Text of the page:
TimeSeries and TimeSeries Collections (Matlab)

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MATLAB offers two new object since release R14SP3 (mid 2005):

  • timeseries
  • tscollection

They implement a way to use structured datasets.

Contents

[edit] Core objects

[edit] TimeSeries

A timeseries is at least defined by:

  • a name
  • a date vector
  • a column of values
Plot of a MATLAB time-series

For instance:

ts1 = timeseries(cumsum(randn(100,1)),(1:100)','name','my first dataset');

To be able to plot such an object, we can use the polymorphic plot function with usual options:

plot(ts1, 'linewidth',2);

Some properties of the timeserie are very simple to access as:

  • the date vector, available through |ts1.time|
  • the vector of values, through |ts1.data|
  • the name, through |ts1.name|

The more generic |get| function allow access to more properties:

>> get(ts1)
             Events: []                       
               Name: 'first'                  
               Data: [100x1 double]           
           DataInfo: [1x1 tsdata.datametadata]
               Time: [100x1 double]           
           TimeInfo: [1x1 tsdata.timemetadata]
            Quality: []                       
        QualityInfo: [1x1 tsdata.qualmetadata]
        IsTimeFirst: true                     
  TreatNaNasMissing: true

[edit] TimeSeries Events

A special field called |Events| can be used to store sparse informations about the timeserie.

[edit] TSCollection

A TScollection is a collection of synchronized timeseries. It has its own name.

Plot of a MATLAB TSCollection using tsc_plot

To build a TSCollection, you only need some synchronized timeseries, like in the following codeblock:

<<my_first_tscollection>>=
ts1 = timeseries(cumsum(randn(100,1)),   (1:100)','name','one');
ts2 = timeseries(cumsum(randn(100,1)*.5),(1:100)','name','two');
tsc = tscollection({ts1, ts2}, 'Name', 'my first TSCollection');

Unfortunately, the plot function does not work on TSCollections, so we need to write one plotting function:

<<tsc_plot.m>>=
function h = tsc_plot( tsc, varargin)
% TSC_PLOT - plot TSCollection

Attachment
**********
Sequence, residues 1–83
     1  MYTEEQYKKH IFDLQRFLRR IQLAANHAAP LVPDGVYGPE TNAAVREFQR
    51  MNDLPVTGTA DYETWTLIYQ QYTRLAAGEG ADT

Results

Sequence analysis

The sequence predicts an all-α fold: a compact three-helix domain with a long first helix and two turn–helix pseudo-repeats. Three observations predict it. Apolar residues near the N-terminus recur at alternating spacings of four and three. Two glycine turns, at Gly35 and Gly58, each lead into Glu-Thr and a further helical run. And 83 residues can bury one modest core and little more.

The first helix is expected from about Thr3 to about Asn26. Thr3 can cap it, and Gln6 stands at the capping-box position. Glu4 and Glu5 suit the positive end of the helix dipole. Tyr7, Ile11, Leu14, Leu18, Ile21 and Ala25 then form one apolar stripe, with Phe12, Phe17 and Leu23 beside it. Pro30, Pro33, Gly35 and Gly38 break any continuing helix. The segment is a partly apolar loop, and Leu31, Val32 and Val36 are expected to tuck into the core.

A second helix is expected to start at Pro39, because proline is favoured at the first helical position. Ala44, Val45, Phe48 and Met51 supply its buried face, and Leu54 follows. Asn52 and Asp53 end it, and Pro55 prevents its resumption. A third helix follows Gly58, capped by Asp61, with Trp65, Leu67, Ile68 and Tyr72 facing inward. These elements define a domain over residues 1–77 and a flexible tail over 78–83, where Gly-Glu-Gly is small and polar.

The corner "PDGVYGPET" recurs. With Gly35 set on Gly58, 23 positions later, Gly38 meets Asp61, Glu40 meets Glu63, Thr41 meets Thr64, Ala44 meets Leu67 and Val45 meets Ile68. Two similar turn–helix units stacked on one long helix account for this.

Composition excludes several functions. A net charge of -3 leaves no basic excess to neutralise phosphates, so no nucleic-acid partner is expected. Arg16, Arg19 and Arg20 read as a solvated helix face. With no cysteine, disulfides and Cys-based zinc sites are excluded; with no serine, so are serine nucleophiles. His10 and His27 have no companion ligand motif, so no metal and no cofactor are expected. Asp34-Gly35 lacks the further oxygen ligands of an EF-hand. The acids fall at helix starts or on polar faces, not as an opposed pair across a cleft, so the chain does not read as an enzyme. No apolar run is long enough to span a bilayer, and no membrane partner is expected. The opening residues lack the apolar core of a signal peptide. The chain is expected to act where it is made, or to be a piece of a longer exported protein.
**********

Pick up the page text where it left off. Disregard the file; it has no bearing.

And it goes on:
% example:
%  tsc_plot(tsc, 'linewidth',2)
h = figure;
names  = gettimeseriesnames(tsc);
colors = 'brmckyg';
for n=1:length(names)
   ts = tsc.(names{n});
   plot(tsc.time, ts.data, colors(mod(n,length(colors))), varargin{:});
   hold on
end
hold off
legend(gca, names);
title(tsc.name);

[edit] TimeSeries names into a TSCollection

Once timeseries are put into a TSCollection object, its names are translated in a kind of hexadecimal convertion of non std ascii characters. For instance:

>> tscollection(timeseries((1:10)',(1:10)','name','anycharaters(\_)'))
Time Series Collection Object: unnamed
Time vector characteristics
     Start time            1 seconds
     End time              10 seconds
Member Time Series Objects:
     anycharaters0x280x5C_0x29

This is clearly a problem to be able to retrieve your timeseries. It's possible to build a function implementing its translation, and to use it to retrieve timeseries with their orignal names:

<<translate4tsc.m>>=
function z = translate4tsc(op, s)
% TRANSLMATE4TSC - translation in to directions:
%  'anycharaters0x280x5C_0x29' = translate4tsc('to-tsc',  'anycharaters(\_)')
%  'anycharaters(\_)'          = translate4tsc('from-tsc', 'anycharaters0x280x5C_0x29')
switch lower(op)
    case {'20xhex', 'to-tsc'}
        %<* convert to hex
        code2keep = [48:57,65:90,97:122,95];
        t     = double(s);
        t     = t(:);
        ikeep = ismember(t,code2keep);
        iconv = ~ikeep;
        if all(ikeep)
            z = s;
            return
        end
        z = repmat(' ',4,length(s));
        tmp = dec2hex([t(iconv);100]);
        z(3:4,iconv) = tmp(1:end-1,:)';
        z(1,iconv) = '0';
        z(2,iconv) = 'x';
        z(1,ikeep) = s(ikeep);
        z = strrep(z(:)',' ','');
        %>*
    case {'0x2str', 'from-tsc'}
        %<* convert 0x hex to string
        idx = strfind(s, '0x');
        if isempty(idx)
            z = s;
            return
        end
        h = char(hex2dec(s([idx(:)+2,idx(:)+3])));
        s([idx(:);idx(:)+1;idx(:)+2])='_';
        s(idx(:)+3) = h;
        s = strrep(s, '___', '');
        z = s;
        %>*
    otherwise
        error('translate4tsc:InvalidMode','Invalid mode <%s>',op);     
end

This function is not perfect at this stage (problem with spaces into names), so feel free to upgrade it.

[edit] Functions

[edit] Simple manipulations

[edit] TimeSeries

  • getqualitydesc
  • getdatasamplesize
  • Sample manipulations
    • addsample
    • delsample
  • ctranspose
  • detrend
  • filter

[edit] TSCollection

  • TimeSeries manipulations
    • addts
    • removets
  • Sample manipulations
    • addsampletocollection
    • delsamplefromcollection

[edit] More complex operations

[edit] Synchronization